My Easy Cassoulet is a pared down version of the classic French dish and it’s perfect for laid back entertaining or a romantic dinner for two!
*This post is in association with Swanson® ~ thank you for supporting my brand partners, I only work with brands I know and love, and they help keep tvfgi up and cooking!
Holiday entertaining isn’t all about glitz and glam, at least not in our house — I love it when friends and family come in from the cold to gather around a simple comforting meal, let’s call it festive casual. No invitations, no place cards…just an big pot of something fabulous like this Easy Cassoulet plopped down where everyone can help themselves. But serving classic comfort food to guests can be a little tricky. We love the welcoming, homey quality that makes it so universally appealing, but comfort food can be be, well, dowdy. My simplified cassoulet solves that problem. I’ve pared down a complex and time consuming traditional dish to a more manageable form, while keeping what makes it special — those distinctive country French flavors. It’s the kind of dish that rallies people round and makes everybody feel warm and cozy. Put on your Ugg boots and your best yoga pants and come on over.
This dish can actually be made from start to finish in about an hour. But it really gets better with time, so you can feel good about making it ahead. I have a few secrets for making homey stews like this one a little more presentable for party time. I like to cook it in a large pot on the stove, but I will transfer it to a casserole dish or a rustic skillet for serving. That allows me to re-arrange everything for a prettier presentation. A scattering of fresh herbs, in this case thyme, is essential to brighten up the cassoulet. And I always make sure to have a few vividly colored ingredients, like my carrots, front and center.
*This post is in association with Swanson® ~ thank you for supporting my brand partners, I only share brand I know and love, and they help keep tvfgi up and cooking!
Cassoulet is a country French dish that features sausage, duck, sometimes pork, and white beans. It’s really a peasant style meal that has grown more complicated over time. My dish is a nod to its simpler roots. I use Italian pork sausage, either hot or mild, and chicken, along with onion, shallot, garlic, fennel, and carrots. Then there’s lots of white beans (canned for ease) and fresh thyme. The sauce is made with chicken stock and tomatoes. I use Swanson® stock because it’s the best substitute for homemade I’ve found. It forms the backbone of this dish, so it’s essential to use top quality. Swanson® Chicken Stock is the perfect cooking base for the cassoulet because its rich and savory roasted chicken flavor blends well with, and brings out the best in, the other ingredients.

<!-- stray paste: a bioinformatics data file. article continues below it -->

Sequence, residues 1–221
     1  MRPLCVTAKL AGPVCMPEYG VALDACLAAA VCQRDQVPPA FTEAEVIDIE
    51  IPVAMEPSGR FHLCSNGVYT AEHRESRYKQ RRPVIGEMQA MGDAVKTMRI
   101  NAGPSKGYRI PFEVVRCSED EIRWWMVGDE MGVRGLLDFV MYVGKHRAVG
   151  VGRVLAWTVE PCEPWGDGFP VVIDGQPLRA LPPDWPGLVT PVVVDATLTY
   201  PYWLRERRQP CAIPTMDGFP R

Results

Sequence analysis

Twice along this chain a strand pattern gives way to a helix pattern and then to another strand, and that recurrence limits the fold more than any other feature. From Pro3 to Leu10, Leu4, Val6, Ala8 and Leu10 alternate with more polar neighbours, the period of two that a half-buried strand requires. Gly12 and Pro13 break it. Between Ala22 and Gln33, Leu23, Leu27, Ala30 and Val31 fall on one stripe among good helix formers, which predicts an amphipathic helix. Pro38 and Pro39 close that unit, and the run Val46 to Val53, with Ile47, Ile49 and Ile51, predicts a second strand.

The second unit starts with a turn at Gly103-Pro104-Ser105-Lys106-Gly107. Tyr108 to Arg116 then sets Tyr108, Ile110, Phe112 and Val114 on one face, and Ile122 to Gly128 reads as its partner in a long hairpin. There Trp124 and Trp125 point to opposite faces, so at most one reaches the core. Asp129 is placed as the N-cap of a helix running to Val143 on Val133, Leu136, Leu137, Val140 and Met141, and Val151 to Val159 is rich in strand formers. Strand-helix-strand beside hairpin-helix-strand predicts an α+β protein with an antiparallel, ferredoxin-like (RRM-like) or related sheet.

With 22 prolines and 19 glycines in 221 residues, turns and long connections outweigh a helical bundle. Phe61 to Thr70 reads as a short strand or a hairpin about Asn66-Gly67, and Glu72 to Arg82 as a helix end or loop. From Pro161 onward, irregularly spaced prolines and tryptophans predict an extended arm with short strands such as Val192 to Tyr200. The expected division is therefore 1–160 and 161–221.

I’ve taken a few liberties with tradition and introduced some Moroccan inspired elements to this dish. A touch of harissa, which is a spicy red pepper paste, lends a bit hint of heat to the mix. And a pinch of cinnamon and allspice gives the sauce a beautiful depth. In fact the sauce is so good it’s essential that you serve some sort of crusty bread alongside the cassoulet so not one drop of it will go to waste.
- 4-5 sweet Italian sausages
- 4 chicken thighs, or a mix of thighs and legs
- olive oil
- 1 yellow onion, peeled and diced
- 1 large shallot, peeled and thinly sliced
- 3 large cloves of garlic, peeled and smashed
- 1 small head of fennel, diced
- 1/2 cup dry vermouth or other white wine
- 1 heaping cup crushed tomatoes or tomato sauce
- 2 Tbsp tomato paste
- 1 32- ounce carton of Swanson® Chicken Stock
- 2 bay leaves
- 1 large bunch fresh thyme, tied with twine, plus more for garnish
- salt and fresh cracked pepper to taste
- 1 Tbsp harissa
- 1/8 tsp allspice
- 1/8 tsp cinnamon
- a small bunch, maybe 8 or so, baby carrots, trimmed and peeled, but left whole
- 2 14- ounce cans of white beans, drained and rinsed
- a splash of sherry vinegar
- Heat a large Dutch oven or heavy stew pot over medium high heat until quite hot. Prick the sausages all over with the sharp point of a small knife. Brush them will olive oil and place them in the pan. Brown on all sides and set aside. Do the same with the chicken pieces. Remove and set aside.
- Coat the bottom of the pan lightly with olive oil and saute the onions, shallot, fennel, and whole garlic cloves for about 10 minutes, stirring often, until softened.
- Add the vermouth to the pot and let it cook down for a couple of minutes.
- Add the tomatoes, tomato paste, and stock, bay leaves, thyme, harissa, and spices, stir well and bring to a simmer. Let the sauce cook uncovered for about 10 minutes to reduce a bit.
- Add the sausage and chicken back into the pot, and nestle down into the sauce. Cover and let simmer on low for about 20 minutes.
- Add the white beans and the baby carrots at the very end of the cooking, just so the carrots barely cook through.
- Add the sherry vinegar and taste to adjust any of the seasonings. Remove the bay leaves and the thyme bundle. Cut each of the sausages in half.
- Garnish the cassoulet with fresh thyme leaves. Serve hot with crusty bread.
- Browning the sausages and the chicken not only develops flavor, but also adds color, which helps make an appealing dish.
- I was conservative with the amount on the spices, go for a little more if you like.
- Even though this cassoulet is fairly quick cooking, there are a few elements I hold out until the end because I don’t want them to get mushy. I add the beans and the carrots at the very end of the cooking. The beans will retain their shape and bright white color that way, and the carrots will cook just enough to be tender but firm.
- If you make this ahead, the sauce may thicken after it has been refrigerated, just add more Swanson® stock as you reheat it.
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